Embargo: 00.01 hours Tuesday 08 July 2008
Furore over biofuels masks Brazil's real potential, warns thinktank
Demos launches new report - Brazil: The natural knowledge economy
Concerns about the effect of Brazilian bio-fuels on food prices are
distracting from the real significance of Brazil's emergence as a leading
economy, shows a new report published by Demos today.
The report, Brazil: The natural knowledge-economy', argues that the UK must
change its perceptions of Brazilian science and innovation, or risk missing
the boat on potential collaboration. The country has one of the highest
rates of economic growth worldwide, alongside China and India. But while the
latter's phenomenal growth rates capture the headlines, Brazil's more modest
growth may have stronger, more sustainable foundations.
The pamphlet, based on extensive fieldwork and interviews with over 100
leading Brazilian innovators, scientists and policymakers, looks at the
prospects for science, technology and innovation in Brazil over the next ten
years. It also makes a series of recommendations for the UK to scale up
Demos researcher and author of the report Kirsten Bound said:
"Understandable concerns over the link between biofuels and food security
are in danger of obscuring the bigger picture. Brazil is a world leader in
the production of biofuels, but its competitive advantage in science and
innovation is built on much more than that.
Brazil is a quiet achiever - it has managed a steady rate of growth without
the social and economic stretchmarks visible in China and India. Its
successful science and technology sectors are grounded in large part on its
natural and environmental assets. Brazil challenges the received wisdom that
knowledge economies can't also be natural asset-based economies."
* The UK must update its perceptions of science and innovation in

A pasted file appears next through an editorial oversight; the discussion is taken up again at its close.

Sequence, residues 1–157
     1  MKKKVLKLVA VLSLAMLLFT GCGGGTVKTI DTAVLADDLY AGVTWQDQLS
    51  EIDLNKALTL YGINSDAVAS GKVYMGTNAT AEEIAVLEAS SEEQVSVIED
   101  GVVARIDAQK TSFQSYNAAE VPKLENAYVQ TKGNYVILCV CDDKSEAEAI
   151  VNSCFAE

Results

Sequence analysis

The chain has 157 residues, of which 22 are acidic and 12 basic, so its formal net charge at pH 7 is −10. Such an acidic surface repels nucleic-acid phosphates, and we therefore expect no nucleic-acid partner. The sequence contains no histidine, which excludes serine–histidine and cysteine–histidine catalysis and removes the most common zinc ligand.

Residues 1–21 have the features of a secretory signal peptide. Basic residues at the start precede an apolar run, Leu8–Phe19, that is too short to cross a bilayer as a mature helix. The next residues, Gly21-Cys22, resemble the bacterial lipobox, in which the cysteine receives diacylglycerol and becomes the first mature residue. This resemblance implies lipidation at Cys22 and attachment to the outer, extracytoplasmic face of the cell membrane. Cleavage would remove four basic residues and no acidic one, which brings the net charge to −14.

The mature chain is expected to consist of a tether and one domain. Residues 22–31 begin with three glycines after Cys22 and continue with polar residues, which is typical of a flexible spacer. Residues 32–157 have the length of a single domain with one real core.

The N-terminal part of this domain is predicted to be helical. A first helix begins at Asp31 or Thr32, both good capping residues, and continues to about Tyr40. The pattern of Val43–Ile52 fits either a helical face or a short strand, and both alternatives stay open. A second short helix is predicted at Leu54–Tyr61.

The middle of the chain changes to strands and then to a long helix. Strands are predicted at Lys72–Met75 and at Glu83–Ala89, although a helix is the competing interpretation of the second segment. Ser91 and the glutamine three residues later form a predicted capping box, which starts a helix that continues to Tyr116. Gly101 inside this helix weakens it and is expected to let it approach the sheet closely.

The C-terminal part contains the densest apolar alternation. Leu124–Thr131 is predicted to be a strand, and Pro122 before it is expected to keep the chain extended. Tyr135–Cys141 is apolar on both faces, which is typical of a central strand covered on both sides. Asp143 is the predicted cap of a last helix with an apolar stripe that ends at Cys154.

Brazil and seize the growing opportunities for collaboration;
* The UK should partner with Brazil to create bilateral 'bright green'
scholarships to build on the 2007-2008 Brazil-UK Year of Science and
* Brazil should develop an international forum for natural knowledge
economies, to promote best-practice, scientific collaboration, and
* Brazil should create an Overseas Brazilians Day and take other
measures to galvanise the Brazilian diaspora worldwide;
* Brazil should complement new innovation policies with investment in
research and development programmes across different scientific sectors.
Notes for editors:
1. 'Brazil: The Natural Knowledge Economy' is the outcome of a six
month research undertaken in partnership with Centre for Strategic Studies
and Management (CGEE) in Brazil.
2. The report launch will take place from 10.30 to 13.00 on Tuesday 8
July, at the Institute of Engineering & Technology, Savoy Place, WC2R 0BL.
Speakers will include Andrew Cahn, Chief Executive of UK Trade and
Investment, His Excellence Carlos Augusto R. Santos-Neves, Brazilian
Ambassador to the UK, Fernando Rizzo, Director of The Centre for Strategic
Studies and Management in Brazil, Luiz Augusto Horta Nogueira, Professor of
Applied Energy at Itajubá Federal University in Minas Gerais, Charles
Leadbeater, Author of 'We-Think' & Demos Associate, and Kirsten Bound,
Demos, author of Brazil: The natural knowledge economy.
Peter Harrington: 0207 367 6338, firstname.lastname@example.org
Claire Coulier: 0207 367 6335, email@example.com
Out of hours mobile: 07914 963 224
Demos switchboard: 0207 367 4200